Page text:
The motivation behind this choice is simple: we have never been used to considering language as something relevant in our life, but as a mere communication tool. Its study, and its uses, have an esoteric fashion and the speeches on the language are considered “academic” at best. So the first criticism that will come to mind when reading this series of writings will be something that evokes the image of professors locked in their own “Ivory Tower” arguing how many toes God has.

Nothing could be more wrong. And dangerous.

Ten years after the writing of this pamphlet, and five after Orwell’s death, i.e. in the mid-50s, what became known as the “Cognitive Revolution” began: an interdisciplinary work of psychology, linguistics, neurology, anthropology and philosophy that has radically changed our way of conceiving the mind and its processes. Scholars like George Miller or Noam Chomsky, just to name two, certainly need no introduction: since then our approach to the study of the mind and human behavior has been completely reversed.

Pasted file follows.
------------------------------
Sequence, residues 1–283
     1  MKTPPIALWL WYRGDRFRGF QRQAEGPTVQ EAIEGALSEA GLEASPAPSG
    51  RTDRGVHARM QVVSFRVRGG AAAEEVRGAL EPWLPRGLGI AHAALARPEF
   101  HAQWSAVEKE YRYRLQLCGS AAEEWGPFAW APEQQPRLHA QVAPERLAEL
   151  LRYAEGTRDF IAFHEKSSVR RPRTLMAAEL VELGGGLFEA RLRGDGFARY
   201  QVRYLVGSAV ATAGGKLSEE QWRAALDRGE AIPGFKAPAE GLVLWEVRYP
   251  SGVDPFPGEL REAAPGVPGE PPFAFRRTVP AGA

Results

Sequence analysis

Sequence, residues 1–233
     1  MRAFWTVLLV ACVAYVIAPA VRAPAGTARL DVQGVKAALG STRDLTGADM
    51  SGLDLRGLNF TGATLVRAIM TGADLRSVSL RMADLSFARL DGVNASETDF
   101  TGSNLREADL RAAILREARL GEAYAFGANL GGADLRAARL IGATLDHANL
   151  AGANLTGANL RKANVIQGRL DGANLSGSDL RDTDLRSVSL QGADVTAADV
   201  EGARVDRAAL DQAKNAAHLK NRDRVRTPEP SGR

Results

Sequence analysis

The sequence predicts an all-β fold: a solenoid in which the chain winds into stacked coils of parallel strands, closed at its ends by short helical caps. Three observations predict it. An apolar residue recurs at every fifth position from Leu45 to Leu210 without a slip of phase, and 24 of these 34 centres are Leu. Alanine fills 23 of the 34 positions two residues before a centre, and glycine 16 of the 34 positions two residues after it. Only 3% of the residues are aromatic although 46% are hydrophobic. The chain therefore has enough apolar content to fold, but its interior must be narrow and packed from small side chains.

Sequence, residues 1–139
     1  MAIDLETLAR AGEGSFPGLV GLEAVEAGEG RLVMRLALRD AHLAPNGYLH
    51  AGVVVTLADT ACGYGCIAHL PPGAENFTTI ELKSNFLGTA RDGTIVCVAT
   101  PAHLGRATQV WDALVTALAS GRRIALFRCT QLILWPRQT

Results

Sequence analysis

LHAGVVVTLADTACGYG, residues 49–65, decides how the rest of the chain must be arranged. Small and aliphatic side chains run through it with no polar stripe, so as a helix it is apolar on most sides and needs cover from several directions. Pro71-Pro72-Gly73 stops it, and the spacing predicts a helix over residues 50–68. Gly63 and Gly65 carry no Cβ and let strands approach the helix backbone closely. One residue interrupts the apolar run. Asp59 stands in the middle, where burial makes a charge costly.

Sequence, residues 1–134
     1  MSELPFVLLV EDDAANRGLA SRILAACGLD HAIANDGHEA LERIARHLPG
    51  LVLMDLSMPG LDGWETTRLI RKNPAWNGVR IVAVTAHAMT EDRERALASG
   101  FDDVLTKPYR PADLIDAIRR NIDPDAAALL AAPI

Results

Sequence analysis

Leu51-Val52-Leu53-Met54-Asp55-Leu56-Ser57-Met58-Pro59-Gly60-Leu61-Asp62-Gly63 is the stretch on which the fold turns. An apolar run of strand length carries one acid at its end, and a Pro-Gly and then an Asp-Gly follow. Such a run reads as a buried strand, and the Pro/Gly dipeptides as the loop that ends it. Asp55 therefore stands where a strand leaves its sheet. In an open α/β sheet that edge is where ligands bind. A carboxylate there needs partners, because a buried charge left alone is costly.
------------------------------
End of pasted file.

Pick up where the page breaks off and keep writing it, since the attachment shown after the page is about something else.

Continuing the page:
But we will talk about this in later articles.

Six or seven decades later, however, the problem of the decay of language and how it relates to the decay of our society is still there, both as a case study and as a concrete problem. This in my opinion is due to the fact that massive academic efforts are not matched by as many educational efforts, thus bringing us back to the “Ivory Tower”.

How was this possible?